Page 18, Section 1 *** Houston Chronicle *** Thursday, July 15,1982
Battering of women is termed
top crime problem in state, U.S.
BY BOB TUTT
Chief, Chronicle Austin Bureau
AUSTIN — The battering of women during domestic
violence should be viewed as the No. 1 crime problem in
Texas and the United States, say two sociologists.
In a report submitted here Wednesday to a legislative
committee studying violence in the family, Drs. William
Stacey and Anson Snupe, stated:
"If woman-battering — affecting anywhere from one
out of five to one out of two women — was defined as a
medical disease, then our nation's public health officials
would not hesitate to claim we are currently experiencing a veritable epidemic."
Such domestic violence is "the single most frequently
countered (and likely to be encountered) crime by
Americans," said Stacey and Shupe, sociology profes-
-sors at the University of Texas at Arlington.
Because so many cases appear to go unreported, they
said, "there is strong evidence that points to wife-beat-
ing America's No. 1 unreported crime."
Their study "indicates that 208,000 women (in Texas)
have been abused within the past 18 months and that
97,500 women have experienced serious physical abuse.
This report estimates that 87,000 adults in Texas are
abused by a spouse on a weekly basis."
They based their conclusions on a number of national
in and Texas studies end surveys and their findings in a
study .of 542 women entering shelters in Dallas and
Denton for physically abused women. They also investi-
gated more than 2,000 calls to hotlines in the Dallas-Fort
Worth area. They said they believe their findings are
applicable to all of Texas.
Their report sketches this profile of the battered
Their average age is 25. Almost three-fourths are
.married with children. Almost 65 percent are white. A
slight .majority has a high school education and may
have' some done some college work. Few are college
graduates. Most fall in the lower-middle and lower
socio-economic classes, but only 10 percent are receiv-
ing some sort of welfare. More than half are full-time
"Most follow traditional child-rearing, homemaking
domestic roles in their marriages," the report said.
"This is a significant fact in light of some criticisms,
particularly from those of a conservative religious per-
suasion, that have related problems of divorce and
domestic violence to women's failure' to devote them-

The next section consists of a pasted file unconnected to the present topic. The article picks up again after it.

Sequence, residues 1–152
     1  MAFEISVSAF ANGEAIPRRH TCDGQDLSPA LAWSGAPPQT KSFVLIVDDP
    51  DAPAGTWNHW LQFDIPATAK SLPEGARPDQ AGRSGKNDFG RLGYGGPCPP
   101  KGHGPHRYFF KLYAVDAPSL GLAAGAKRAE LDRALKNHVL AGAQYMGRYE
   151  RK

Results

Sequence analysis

selves exclusively to the traditional domestic role.''
A quarter of the women reported sexual abuse and
more than 40 percent said they were battered while they
were pregnant. More than 20 percent suffered broken
"Marital issues such as sex demands, pregnancy and
otfier family matters become involved" in domestic
violence, the report said, but in almost 60 percent of the
cases the cause was "something the woman has little
controlover: job pressures."
Economic bad times are likely to aggravate this prob-
lem, the report said.
While many of the men doing the assaulting "may
'feel sorry,' experience guilt or try to 'patch up* the
relationship after a beating incidence, roughly half (49
dripbisoent) felt the battering was justified, the report
It said "the batterer typically has a high school
education, is employed in a skilled job, Is about 30 years
of age, is married, and earns approximately $15,000
annually" and in many ways "closely approximates the
typical American male"
The study indicates that the batterer is likely to have
a background "in which family violence was present"
and in almost 40 percent of cases was physically abused
as a child.
The batterers also tend to be violent toward animals,
children and objects and over 40 percent of them have
arrest records, it said.
Stacey and Shupe made these recommendations:
• Training should be provided for battered women
who wish to overcome their economic dependence and
establish an independent life.
• Shelters for the abused must also provide services
for children because so many of them accompany their
mothers to the refuges.
• Some type of therapy or counseling should be attempted in less severe cases, but the criminal courts
should handle more serious cases.
• Police officers, who are called on to handle many,,
often dangerous domestic disputes, should get special
training to deal with such situations. .
The sociologists gave their report to the state Senate
Committee on Human Resources, chaired by Sen. Chet
The community will recommend measures for consideration of the Legislature next year to help combat
abuse of women, children and the elderly.
We are grateful to all the diligent NOW members
who ha'/e agreed to be telephone captains for our
new phone tree system. This system is working
fantastically! Note the increased atteridence at
our meetings. The following great women are leading
the phone groups:
Fran Studdard, Judi Hoffman, Elizabeth Polifka,
Caroline Pere»f Wendy PwUdniki, Mary McFadin, Susan
Lab, Reeky Monroe, Bobby Faulkner, Marie Stimson,
Sandra Hamilton, Bonnie Huval, Elizabeth Glenn,
Mary Skinner, Bonnie Dombroski, & Kathy Beard.
HOUSTON AREA WOMEN'S CENTER WILL HOST AN EVENT TO MARK WOMEN'S SUFFRAGE
DAY ON THURSDAY, AUGUST 26 AT SCHOOL OF PUBLIC HEALTH. ORGANIZATIONS ARE
ASKED TO BE SPONSORS AT $15 TO DEFRAY COSTS OF INVITATIONS, WINE AND CHEESE.
FILM WILL BE SHOWN, PROBABLY "SHE'S NOBODY'S BABY" PRODUCED BY MS. FOUNDATION.
ADMISSION TO EVENT IS FREE. CONTACT HELENE BERNSTEIN TO SPONSOR 528-6798.
PLEASE RESPOND SOON IF YOU WISH TO BE LISTED AS SPONSOR ON THE INVITATIONS.